When I was a senior in college, I made a risky and naïve class choice. With extra P.E. electives left to take before graduation, I decided to try my hand at something I’d never done before: choreography. I took an entire class called Choreography. Yes, I really did.
Now, to add a little context to this out-of-left-field class choice, I will note that I have always enjoyed music and performing. In high school I was in multiple school and church musicals. I was also on the Color Guard team of my high school marching band. I absolutely love moving to rhythm, and I instinctively knew I had real talent, though the talent was definitely raw and undeveloped.
It was so undeveloped, in fact, that I had literally never taken a formal dance class. So, again, enrolling in a class titled Choreography should have made me apprehensive. Instead, I optimistically took the class, hoping that I would gain the tools I had long seen in others and come out on the other side of the class knowing more about dance.
On the very first day of class it was apparent that all of the other class participants had spent their entire childhoods taking all forms of dance training: from hip hop to ballet. Then, there was me, with all of my “raw talent.”
To be fair, the teacher and my classmates were generous in their treatment of me. They were not unkind. Although I’m sure they were flummoxed about my inexperience and maybe even inwardly judgmental about my abilities, outwardly they were only kind. I survived most of the semester with my pride intact.
Then came the class project that would serve as our final grade: a fully-choreographed dance taught to and performed by the dancers of our choosing. I had to not only choreograph a song but also hold try outs, teach a routine, and have it performed in front of an audience. The very best dances would be showcased in a live performance later that year.
I would be lying if I said I didn’t almost lose my nerve. It was very anxiety-provoking, but throughout the process I remained quite idealistic and naïve. I continued to hope that my inner desire and hidden talent would prove that I was good as I just knew I could be.
Well, I wasn’t. Granted, given the whole scenario, the result could have been much, much worse. I was able to make a good grade in the class. I even managed to escape the class with minimal damage to my self-esteem. However, it was humiliating to discover that I was the only class participant whose choreography was not chosen to move on to the dance performance later that year.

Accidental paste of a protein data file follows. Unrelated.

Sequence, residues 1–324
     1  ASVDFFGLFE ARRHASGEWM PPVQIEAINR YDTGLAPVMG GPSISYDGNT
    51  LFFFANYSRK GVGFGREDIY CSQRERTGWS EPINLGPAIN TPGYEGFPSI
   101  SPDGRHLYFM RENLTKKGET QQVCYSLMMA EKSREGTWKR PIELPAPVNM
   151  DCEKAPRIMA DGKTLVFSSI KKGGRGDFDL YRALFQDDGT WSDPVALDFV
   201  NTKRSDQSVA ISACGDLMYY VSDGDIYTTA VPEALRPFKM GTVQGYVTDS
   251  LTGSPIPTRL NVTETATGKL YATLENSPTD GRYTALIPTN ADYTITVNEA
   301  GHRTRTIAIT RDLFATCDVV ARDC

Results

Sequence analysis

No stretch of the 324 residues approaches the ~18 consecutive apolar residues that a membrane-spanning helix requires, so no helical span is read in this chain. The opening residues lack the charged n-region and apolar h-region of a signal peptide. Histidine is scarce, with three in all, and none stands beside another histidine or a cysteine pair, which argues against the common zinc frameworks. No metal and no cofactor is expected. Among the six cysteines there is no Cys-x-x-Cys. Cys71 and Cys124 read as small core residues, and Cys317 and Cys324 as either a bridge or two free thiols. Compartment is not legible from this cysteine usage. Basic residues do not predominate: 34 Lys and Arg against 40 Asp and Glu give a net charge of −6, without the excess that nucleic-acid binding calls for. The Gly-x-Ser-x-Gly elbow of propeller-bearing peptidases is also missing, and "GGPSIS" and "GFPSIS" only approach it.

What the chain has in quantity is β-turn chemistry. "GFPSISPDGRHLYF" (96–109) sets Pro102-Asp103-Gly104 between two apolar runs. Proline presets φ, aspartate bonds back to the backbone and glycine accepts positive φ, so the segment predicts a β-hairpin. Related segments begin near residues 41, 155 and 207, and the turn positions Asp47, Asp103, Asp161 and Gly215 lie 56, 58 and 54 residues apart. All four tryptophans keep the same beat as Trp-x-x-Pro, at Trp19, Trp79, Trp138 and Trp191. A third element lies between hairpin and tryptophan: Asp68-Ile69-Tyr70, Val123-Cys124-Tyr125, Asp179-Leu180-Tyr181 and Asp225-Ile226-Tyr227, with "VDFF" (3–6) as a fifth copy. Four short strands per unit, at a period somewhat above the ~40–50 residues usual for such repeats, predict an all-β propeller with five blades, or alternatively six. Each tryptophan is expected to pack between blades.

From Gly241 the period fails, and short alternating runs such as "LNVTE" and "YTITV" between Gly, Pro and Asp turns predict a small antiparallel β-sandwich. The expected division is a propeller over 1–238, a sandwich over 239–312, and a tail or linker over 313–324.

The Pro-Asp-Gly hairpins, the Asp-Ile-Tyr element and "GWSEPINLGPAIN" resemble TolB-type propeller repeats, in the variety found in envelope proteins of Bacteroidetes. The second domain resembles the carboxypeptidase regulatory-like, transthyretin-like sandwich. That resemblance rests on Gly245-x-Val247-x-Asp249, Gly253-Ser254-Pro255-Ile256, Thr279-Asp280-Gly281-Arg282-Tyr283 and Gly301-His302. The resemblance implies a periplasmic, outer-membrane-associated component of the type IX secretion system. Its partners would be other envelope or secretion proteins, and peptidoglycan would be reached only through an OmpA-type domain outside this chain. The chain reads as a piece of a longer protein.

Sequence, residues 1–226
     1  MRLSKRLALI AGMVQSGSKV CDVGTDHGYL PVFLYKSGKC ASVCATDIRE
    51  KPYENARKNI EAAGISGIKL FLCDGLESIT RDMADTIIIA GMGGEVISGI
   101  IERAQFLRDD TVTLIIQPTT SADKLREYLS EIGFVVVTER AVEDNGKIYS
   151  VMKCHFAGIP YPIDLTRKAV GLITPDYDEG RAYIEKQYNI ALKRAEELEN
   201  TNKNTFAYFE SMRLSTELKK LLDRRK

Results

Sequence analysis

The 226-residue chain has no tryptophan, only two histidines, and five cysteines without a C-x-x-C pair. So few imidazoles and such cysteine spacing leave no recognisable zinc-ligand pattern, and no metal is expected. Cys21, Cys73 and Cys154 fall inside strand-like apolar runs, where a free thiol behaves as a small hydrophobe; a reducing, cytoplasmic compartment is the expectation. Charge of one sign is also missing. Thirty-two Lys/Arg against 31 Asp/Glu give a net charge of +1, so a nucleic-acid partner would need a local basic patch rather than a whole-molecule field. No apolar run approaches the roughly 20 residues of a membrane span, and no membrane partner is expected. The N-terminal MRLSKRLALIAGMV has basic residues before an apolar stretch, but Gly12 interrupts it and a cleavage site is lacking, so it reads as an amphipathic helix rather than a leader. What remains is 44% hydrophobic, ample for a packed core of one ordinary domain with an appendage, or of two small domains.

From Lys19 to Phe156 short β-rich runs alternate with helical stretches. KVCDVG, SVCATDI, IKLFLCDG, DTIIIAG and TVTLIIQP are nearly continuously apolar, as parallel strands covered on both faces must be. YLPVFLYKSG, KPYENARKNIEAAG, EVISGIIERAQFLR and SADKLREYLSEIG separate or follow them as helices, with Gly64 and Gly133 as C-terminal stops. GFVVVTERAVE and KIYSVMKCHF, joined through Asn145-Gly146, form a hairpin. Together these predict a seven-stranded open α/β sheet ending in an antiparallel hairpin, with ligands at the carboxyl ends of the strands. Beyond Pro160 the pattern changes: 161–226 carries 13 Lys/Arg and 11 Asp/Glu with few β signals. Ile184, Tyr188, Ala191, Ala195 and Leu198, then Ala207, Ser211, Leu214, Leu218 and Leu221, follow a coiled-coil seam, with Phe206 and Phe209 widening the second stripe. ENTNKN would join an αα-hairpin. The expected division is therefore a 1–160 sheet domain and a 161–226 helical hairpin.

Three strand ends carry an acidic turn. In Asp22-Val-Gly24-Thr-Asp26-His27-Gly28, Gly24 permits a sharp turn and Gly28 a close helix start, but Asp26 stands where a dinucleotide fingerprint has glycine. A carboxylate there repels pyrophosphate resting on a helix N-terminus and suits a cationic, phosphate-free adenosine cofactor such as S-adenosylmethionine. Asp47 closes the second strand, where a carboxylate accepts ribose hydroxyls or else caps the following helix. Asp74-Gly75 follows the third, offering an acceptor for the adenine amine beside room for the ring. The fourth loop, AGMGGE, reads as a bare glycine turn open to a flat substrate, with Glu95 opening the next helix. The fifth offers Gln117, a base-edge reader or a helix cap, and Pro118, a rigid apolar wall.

My teacher’s feedback was gentle. She sincerely offered that the performance looked like it belonged on a church stage. She asserted that I needed to break out of my confinements and use the entire stage, dreaming bigger and using the space more effectively. It was true. It was kinder feedback than I perhaps deserved. Still, even now, when the song that I used to choreograph my dance plays on my car stereo, I feel shame. I remember how it felt to not be good enough: to not belong among those whose talent was greater.
Shame. Just the thought of it elicits an immediate, visceral response. Besides love, it is the one common emotion that all humanity has experienced, starting way back in the garden of Eden. Brene Brown has called shame “the swampland of the soul,” and I certainly can’t think of a more accurate description.
Shame is the embarrassment of being found out. It is humiliation. It is a dropped gaze and flushed cheeks. It is a heavy burden and an upset stomach. It is the remembrance of something thought long forgotten. It is the gnawing worry that eventually we’ll be found out for the frauds we really are. All of us, every member of the human race, knows the experience of shame, even before we have words to describe it.
Although my choreography experience was only one of countless experiences that have created shame in my lifetime, I think it serves to share how shame hardwires its way into our memories and narratives. I graduated college over a decade ago, yet even now I feel embarrassment and humiliation when those memories present themselves. Interestingly, when our brains retrieve shame-filled memories, we experience it like it is happening in real time. So even acts long forgiven can be re-experienced as shame in our minds and bodies as we remember.
How then can we change the narrative around our moments of shame?
We can retell the story and thereby change the narrative.
I can remember my choreography experience and tell myself that I never was a good dancer and never will be. Or, I can give myself grace and retell the story differently:
“That was a hard learning experience. It took bravery and courage to take a class I was unprepared for. No one in my life thought less of me for not making it big as a choreographer. I came out of the class wiser and more experienced.”
Retelling our stories in the presence of safe people also helps us reprocess our stories. Shame makes us reflexively drop our gaze, trying to avoid seeing disappointment in the eyes of others. Sadly, this dropped gaze also keeps us from receiving grace, understanding, and safety from those in our lives who will love us through moments of shame. It takes courage to expose our “swamplands” to others, but in safe places, with safe people, our narratives can change.
Pause, Renew, Next: What about you? How does shame affect your life and your inner narrative? How might you want to change the stories you’re telling yourself? Meditate on the above verse and ponder how the security of having a relationship with Christ can serve as a safe place to change your shame narrative.
If you’d like to read more about shame, I highly recommend the book, The Soul of Shame, by Curt Thompson, MD.
May we have the courage to lay down our shame and retell our stories with grace.
Pause, Renew, Next!